According to the HCA. ‘We do not consider it to be a significant factor, as we’re talking about a fraction of the NAHP budget for this year. The far bigger factors are the market conditions overall, which is why it’s important that we look at housing and regeneration, and allocating our investment, as a whole. In terms of buying unsold stock it still equates to more new social and affordable housing, of the right type and in the right place, and it provides a cash injection to the housebuilding industry.’
That may be true but is it really so insignificant? I can see several problems:
1) 9,000 homes in three months is not insignificant. Total NAHP output in 2007/08 was 50,000 homes - so it is more than 70% of quarterly output.
2) As things stand, the cash to pay for it is not additional (like the 1992 housing market package) but comes out of the 2008/11 budget. Every home bought is one less built - this at a time when the HCA is having to raise grant rates so that the budget goes less far anyway.
2) It may be a cash injection for housebuilders like Bloor and Bovis because it enables them to shift stock they can’t sell. The alternative would be to cut their prices still further - so government money is directly benefitting their balance sheets and keeping prices higher than they otherwise would be.
3) But it is not really a cash injection for housebuilding. Each home built means 1.5 jobs, according to the 2020 Group of housing organisations, so using the money to build rather than buy would create 13,500 jobs. Very little of the work on site is done by the big housebuilders - it is done by countless small firms and self-employed workers who were the first to suffer in the recession. What’s the point in protecting the big companies for the upturn to come if the skilled workers have already left the industry?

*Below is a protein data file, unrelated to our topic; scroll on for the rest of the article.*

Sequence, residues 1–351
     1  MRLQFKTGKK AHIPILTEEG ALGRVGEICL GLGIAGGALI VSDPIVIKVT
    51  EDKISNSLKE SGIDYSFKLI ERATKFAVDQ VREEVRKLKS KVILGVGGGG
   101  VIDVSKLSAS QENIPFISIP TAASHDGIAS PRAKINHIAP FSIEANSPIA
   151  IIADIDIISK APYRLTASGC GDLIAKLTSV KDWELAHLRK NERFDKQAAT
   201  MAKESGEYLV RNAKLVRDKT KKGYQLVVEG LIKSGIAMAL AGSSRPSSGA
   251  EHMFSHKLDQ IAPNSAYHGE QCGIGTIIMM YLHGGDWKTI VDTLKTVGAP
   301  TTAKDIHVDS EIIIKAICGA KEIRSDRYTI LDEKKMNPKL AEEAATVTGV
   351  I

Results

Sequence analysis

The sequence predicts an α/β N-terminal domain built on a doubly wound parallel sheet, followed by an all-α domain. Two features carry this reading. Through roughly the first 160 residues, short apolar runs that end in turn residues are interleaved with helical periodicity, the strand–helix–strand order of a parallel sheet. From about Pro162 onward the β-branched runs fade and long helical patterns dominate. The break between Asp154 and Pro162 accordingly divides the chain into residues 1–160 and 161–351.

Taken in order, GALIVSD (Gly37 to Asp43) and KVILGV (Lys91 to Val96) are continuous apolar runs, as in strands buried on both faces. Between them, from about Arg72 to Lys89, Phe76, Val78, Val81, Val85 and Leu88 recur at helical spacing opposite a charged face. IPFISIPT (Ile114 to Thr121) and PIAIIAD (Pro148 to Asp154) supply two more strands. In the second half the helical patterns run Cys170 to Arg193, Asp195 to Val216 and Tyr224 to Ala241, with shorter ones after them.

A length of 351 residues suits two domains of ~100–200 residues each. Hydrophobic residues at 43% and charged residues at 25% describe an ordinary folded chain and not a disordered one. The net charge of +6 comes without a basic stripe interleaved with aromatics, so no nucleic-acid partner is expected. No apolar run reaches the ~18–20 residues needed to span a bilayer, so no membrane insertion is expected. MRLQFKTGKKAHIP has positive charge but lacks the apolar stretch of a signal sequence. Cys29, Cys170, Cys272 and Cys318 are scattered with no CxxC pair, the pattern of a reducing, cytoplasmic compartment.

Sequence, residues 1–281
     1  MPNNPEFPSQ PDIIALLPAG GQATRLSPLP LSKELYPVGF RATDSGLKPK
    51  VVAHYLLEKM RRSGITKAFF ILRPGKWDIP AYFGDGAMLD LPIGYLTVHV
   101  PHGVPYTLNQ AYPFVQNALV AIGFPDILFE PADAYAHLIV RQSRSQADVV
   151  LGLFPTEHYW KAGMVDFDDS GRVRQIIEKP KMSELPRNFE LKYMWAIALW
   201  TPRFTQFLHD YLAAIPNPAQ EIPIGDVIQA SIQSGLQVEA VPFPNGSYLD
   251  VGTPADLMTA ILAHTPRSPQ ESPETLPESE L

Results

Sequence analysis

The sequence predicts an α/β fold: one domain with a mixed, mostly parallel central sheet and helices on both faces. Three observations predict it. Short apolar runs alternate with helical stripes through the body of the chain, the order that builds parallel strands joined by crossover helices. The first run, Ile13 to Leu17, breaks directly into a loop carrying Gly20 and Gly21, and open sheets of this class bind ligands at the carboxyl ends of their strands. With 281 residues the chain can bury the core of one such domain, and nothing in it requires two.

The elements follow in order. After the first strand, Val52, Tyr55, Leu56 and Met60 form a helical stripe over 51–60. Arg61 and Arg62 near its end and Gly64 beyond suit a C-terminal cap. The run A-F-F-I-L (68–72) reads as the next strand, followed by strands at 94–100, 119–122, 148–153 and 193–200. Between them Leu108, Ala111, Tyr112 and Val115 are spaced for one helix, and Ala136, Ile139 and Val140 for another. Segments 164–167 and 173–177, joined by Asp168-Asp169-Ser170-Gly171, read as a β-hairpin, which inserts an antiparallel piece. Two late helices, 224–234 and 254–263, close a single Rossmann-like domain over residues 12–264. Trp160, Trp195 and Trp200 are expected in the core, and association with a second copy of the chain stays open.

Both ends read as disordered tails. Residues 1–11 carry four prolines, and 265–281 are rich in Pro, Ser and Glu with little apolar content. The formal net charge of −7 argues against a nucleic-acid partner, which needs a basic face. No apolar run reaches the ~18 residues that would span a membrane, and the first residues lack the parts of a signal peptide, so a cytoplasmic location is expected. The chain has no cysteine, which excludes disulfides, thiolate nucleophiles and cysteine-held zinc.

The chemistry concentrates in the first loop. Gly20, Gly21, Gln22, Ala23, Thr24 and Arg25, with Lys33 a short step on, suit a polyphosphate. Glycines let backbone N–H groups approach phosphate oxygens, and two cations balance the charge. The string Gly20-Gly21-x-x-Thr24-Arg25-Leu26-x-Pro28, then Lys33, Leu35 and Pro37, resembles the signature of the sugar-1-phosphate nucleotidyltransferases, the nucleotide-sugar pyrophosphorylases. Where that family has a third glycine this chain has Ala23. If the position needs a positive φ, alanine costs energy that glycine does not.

4) Every new home not built is one less towards the government’s 3m homes by 2020 target. That may be unachievable but it was put there to help make homes affordable - diverting money from new build does the opposite.
5) Housing associations are going into this with their eyes open so they should be able to avoid the mistakes of the 1992 package, which left them saddled with poor quality stock that was expensive to maintain. But the unsold stock is still not designed as affordable housing.
6) What does it do for mixed communities? Logically, unsold stock is unsold for a reason - because it is in the least attractive locations.
All of that only takes us up to the end of December. It’s not clear how many unsold homes were bought during January and February but the start of 2009 has not seen any improvement in house sales generally.
And it does not include HomeBuy Direct, the £400m scheme to help up to 18,000 first-time buyers with an equity loan of 30% co-funded by the government and developers.
Housebuilders understandably see it as very good news indeed as it will underpin their sales for next year. Barratt has 3,000 HomeBuy Direct sales earmarked with an approximate sales value of £520m. But how many of those homes will be unsold stock? And how much would they have had to discount the price by without government support?
This is a finely balanced argument and the fact remains that buying unsold stock more cheaply than you can build it makes short-term financial sense. However, the budget being used to pay for it is not new money. As the Communities and Local Government committee chair Phyllis Starkey argued last week: ‘We are particularly concerned that the government is borrowing from future budgets now with apparently no idea how it is going to restore that money at a later date.’
It’s time for some clear thinking on buying unsold stock - and a major allocation of new money in next month’s Budget.